It’s a mere 9 days until the second annual Kauai Marathon and half-marathon scheduled September 5th here on the beautiful Garden Isle.  I’ve entered the half-marathon–my first one!  I’ve entered with no particular training, and no illusions of winning.  I’m happy to finish and have fun, and I’m confident that I’ll finish somewhere in the middle of the pack for my age group–which, by the way, is female, somewhere in my middle 40’s!           

Apparently, you’re not supposed to enter a 13+ mile race without training.  Well, who knew?  I’ve been taken to school by family and friends about  my irresponsibility in entering.  After all, I could get hurt, I’m not ready and what if I don’t do well.   And I’ve been asked more than once how much the race t-shirt cost!  As if that must be my only motivation–a new t-shirt!          

This has spurred the question of motivation–“Why do I want to do this?”.  Why are some of us motivated by performance versus enjoyment?  I don’t think about getting hurt, I assume I am ready, and I don’t measure how well I do by comparing myself to others (mostly!)     

 So, I started asking everyone I could, “Do you try new things for the fun of it, whether you might be good at it or not?  I was surprised to find that more than half of those asked would not try new things unless they felt a certain level of skill at the onset.  It seems that fear of embarrassment cleverly disguised as perfectionism is most often the show-stopper for those who choose to wait to live.  Really, isn’t that what you’re doing when you don’t do something now because you might be better at it later?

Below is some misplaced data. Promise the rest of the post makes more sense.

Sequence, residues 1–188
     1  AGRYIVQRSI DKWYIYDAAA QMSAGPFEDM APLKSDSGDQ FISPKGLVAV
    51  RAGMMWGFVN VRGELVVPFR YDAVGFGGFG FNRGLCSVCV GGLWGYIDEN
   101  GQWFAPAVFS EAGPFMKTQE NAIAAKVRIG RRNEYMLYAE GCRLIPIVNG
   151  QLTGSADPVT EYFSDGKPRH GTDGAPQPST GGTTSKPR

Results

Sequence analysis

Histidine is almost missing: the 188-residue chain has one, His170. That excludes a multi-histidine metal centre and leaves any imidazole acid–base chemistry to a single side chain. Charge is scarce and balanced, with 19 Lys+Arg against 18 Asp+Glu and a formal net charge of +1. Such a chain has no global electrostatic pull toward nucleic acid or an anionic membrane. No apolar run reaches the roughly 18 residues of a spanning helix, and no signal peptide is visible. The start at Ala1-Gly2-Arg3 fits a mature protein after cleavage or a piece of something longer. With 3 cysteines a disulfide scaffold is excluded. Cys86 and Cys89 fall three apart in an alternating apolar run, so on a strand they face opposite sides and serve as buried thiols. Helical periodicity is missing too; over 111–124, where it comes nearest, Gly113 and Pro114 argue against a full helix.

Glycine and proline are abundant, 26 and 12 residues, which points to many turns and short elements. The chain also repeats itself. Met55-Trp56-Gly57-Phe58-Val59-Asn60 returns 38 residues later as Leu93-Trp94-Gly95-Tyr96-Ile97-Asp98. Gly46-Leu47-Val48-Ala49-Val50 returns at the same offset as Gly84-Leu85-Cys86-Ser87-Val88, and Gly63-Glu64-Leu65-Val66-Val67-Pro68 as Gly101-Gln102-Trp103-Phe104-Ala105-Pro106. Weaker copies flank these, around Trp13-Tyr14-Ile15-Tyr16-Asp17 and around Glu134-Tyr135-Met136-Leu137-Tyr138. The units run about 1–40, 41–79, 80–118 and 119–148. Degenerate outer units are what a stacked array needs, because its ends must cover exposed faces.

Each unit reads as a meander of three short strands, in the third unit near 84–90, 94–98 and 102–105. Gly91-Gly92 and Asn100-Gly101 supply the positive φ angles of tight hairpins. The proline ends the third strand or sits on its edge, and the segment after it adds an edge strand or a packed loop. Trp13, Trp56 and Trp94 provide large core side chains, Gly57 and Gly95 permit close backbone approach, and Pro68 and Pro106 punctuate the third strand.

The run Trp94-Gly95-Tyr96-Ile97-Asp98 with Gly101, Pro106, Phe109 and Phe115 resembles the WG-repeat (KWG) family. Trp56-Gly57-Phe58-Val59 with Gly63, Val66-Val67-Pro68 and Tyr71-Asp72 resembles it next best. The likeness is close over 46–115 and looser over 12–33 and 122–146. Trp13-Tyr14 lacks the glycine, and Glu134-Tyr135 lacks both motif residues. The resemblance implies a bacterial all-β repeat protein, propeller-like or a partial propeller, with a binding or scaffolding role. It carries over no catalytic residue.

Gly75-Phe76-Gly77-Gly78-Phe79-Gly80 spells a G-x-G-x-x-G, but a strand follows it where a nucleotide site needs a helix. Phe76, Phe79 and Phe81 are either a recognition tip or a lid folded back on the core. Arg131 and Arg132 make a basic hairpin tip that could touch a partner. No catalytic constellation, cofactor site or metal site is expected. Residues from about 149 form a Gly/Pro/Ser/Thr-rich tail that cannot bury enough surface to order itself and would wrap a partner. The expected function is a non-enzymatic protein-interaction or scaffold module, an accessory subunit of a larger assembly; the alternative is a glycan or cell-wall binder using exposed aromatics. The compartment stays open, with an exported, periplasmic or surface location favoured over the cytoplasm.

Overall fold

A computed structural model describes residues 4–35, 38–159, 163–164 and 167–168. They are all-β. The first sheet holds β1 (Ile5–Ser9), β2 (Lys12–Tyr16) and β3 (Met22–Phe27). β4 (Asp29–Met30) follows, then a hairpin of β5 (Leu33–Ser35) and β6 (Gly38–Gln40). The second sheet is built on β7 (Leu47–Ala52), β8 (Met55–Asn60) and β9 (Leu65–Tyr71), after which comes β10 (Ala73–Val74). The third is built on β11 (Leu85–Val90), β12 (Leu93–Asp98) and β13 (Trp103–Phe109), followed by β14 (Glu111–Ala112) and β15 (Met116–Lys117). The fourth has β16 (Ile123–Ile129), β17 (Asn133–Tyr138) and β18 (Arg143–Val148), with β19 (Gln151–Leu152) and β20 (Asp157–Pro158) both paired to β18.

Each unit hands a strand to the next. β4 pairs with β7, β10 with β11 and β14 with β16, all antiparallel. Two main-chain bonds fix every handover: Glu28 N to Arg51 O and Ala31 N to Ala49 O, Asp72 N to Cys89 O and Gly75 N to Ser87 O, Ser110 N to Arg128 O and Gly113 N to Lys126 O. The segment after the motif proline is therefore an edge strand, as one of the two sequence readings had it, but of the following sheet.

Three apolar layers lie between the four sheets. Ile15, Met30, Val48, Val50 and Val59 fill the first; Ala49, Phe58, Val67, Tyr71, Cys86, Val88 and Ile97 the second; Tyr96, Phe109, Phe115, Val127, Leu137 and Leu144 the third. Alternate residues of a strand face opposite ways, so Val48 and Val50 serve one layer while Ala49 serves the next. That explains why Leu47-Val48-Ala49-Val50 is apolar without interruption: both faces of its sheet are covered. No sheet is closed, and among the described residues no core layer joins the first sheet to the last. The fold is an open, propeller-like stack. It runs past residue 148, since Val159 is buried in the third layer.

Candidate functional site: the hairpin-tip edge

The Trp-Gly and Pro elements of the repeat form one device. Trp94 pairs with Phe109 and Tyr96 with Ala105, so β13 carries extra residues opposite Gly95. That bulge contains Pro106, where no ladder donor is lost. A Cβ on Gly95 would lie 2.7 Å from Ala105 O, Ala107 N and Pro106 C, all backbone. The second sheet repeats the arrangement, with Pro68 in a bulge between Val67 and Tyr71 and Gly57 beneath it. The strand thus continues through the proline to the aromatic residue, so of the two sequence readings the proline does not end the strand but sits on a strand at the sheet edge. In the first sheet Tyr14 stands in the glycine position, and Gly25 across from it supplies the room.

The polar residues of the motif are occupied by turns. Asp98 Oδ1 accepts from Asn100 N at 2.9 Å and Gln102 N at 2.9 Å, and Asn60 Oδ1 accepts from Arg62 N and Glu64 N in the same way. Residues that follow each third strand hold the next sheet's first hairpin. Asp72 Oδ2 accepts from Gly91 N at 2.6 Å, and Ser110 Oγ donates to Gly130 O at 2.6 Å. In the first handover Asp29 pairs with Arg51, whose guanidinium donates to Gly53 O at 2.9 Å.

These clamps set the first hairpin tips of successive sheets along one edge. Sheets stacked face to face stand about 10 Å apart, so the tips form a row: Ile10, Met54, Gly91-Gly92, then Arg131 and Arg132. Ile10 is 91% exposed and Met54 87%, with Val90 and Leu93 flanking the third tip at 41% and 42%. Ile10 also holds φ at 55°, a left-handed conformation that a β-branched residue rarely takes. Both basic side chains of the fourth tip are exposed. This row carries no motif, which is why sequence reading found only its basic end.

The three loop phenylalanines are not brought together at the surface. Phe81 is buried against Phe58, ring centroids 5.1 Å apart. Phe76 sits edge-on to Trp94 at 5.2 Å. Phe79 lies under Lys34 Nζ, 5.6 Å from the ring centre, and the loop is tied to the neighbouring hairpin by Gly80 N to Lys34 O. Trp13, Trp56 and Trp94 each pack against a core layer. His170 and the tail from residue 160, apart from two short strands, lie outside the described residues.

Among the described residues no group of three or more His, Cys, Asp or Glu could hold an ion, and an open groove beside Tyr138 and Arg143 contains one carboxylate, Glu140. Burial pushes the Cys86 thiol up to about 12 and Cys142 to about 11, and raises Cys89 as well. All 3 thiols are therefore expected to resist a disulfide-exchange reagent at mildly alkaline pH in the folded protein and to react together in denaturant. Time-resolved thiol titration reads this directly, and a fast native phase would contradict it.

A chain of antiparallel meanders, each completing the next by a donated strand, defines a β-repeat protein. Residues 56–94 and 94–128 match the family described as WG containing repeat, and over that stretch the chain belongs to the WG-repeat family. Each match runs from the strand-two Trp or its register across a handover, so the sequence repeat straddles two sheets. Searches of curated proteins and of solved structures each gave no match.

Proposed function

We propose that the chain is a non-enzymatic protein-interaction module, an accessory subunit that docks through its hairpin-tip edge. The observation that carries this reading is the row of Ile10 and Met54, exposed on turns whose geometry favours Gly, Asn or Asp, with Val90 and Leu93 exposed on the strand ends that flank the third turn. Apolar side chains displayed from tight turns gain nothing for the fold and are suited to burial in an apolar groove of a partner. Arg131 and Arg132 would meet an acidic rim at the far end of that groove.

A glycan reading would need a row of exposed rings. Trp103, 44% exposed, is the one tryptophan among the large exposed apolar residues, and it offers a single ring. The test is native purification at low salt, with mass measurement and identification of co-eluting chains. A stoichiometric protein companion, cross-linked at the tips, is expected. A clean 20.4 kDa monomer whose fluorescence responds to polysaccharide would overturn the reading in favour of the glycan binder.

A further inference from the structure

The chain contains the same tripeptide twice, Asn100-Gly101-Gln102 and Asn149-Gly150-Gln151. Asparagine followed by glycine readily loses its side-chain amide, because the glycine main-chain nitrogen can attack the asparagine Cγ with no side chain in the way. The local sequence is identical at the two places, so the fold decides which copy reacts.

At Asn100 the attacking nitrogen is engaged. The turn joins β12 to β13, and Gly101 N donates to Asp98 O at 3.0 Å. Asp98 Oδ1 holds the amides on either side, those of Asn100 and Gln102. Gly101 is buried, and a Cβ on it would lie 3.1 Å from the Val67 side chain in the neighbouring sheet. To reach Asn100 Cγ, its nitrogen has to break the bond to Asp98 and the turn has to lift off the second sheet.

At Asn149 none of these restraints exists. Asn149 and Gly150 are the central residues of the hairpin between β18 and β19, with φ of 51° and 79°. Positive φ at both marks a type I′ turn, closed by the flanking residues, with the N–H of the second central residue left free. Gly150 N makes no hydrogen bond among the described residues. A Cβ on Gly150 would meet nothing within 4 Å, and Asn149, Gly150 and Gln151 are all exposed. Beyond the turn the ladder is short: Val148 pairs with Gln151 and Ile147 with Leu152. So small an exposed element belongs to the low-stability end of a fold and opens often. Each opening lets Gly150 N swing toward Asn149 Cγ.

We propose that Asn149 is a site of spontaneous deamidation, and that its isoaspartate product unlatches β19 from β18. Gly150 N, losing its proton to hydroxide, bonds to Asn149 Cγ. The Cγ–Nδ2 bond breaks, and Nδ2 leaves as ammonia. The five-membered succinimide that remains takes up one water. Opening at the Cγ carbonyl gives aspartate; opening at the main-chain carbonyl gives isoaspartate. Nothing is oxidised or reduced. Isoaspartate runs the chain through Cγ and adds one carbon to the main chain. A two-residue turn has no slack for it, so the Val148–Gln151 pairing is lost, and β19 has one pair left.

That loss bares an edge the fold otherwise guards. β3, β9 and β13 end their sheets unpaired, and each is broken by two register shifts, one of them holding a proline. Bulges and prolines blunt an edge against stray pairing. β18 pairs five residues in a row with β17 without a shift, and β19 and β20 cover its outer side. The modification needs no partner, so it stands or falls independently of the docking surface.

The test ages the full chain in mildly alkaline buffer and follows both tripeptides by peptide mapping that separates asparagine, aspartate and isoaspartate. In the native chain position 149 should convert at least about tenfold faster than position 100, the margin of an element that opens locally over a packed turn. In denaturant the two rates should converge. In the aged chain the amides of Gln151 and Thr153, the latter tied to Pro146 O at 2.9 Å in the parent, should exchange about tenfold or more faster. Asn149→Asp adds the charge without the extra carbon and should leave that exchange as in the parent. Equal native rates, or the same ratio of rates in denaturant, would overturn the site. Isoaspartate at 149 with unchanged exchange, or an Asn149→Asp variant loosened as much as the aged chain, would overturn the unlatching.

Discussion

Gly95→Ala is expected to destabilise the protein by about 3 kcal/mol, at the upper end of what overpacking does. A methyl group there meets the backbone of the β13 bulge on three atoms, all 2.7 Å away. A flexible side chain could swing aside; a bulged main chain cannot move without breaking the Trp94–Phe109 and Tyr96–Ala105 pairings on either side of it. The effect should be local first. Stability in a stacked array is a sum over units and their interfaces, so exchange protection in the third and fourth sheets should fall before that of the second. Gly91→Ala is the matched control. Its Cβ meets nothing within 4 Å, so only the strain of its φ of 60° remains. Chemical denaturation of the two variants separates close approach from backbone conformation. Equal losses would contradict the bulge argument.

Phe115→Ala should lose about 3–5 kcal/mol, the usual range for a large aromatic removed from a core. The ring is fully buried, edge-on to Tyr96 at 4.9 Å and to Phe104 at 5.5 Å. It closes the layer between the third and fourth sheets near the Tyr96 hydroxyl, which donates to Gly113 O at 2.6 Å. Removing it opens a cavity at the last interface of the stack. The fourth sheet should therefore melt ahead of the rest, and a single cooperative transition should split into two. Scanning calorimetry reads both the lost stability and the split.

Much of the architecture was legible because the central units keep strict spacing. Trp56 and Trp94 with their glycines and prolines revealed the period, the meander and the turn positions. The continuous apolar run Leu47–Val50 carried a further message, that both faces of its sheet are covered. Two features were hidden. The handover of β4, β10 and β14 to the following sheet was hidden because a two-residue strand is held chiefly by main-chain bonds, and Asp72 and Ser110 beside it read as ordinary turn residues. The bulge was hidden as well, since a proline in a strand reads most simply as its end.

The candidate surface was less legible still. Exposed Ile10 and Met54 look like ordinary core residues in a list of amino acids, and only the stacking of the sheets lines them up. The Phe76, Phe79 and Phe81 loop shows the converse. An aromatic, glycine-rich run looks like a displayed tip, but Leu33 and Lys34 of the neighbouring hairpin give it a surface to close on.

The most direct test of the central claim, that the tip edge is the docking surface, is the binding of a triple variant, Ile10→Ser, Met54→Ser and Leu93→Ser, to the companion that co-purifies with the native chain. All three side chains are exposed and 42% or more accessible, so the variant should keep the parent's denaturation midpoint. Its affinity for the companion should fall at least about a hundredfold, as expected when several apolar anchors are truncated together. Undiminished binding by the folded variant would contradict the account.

In the past, the excuses I’ve used to put off living in the moment sounded like, “I’ll do it when I lose 10 ponds”, or “Next year, when I have time to devote to it”, and the ever classic, I’ll do it when ____(fill in the name) decides to do it with me or change or do it first”!      

I’m not sure when I decided to stop waiting and start living.  Translated, I’m not sure when I decided that I’m responsible for my own happiness.  If I procrastinate and make excuses not to engage in life now, it’ s my own fault and my own life, time and opportunities that are wasted.      

So here’s to those of us who live now–do things for the fun of it, the experience or just the value of participating in life in the moment–maybe we lack the “embarrassment gene”, or the competitive spirit.  I just feel grateful that the older I get, the less I worry about what others think, who will judge me or how I look doing something for the first time.  I trust that if I’m having fun, and enjoying the process–that has to be as up-lifting for others as it is for me.        

Wish me swift feet and coordination in my first half-marathon! Jogging or walking over the finish line–I’m going to live now–Oh–and enjoy the process–in my new t-shirt!!!!          

Joyfully and with warmest aloha,          

Kim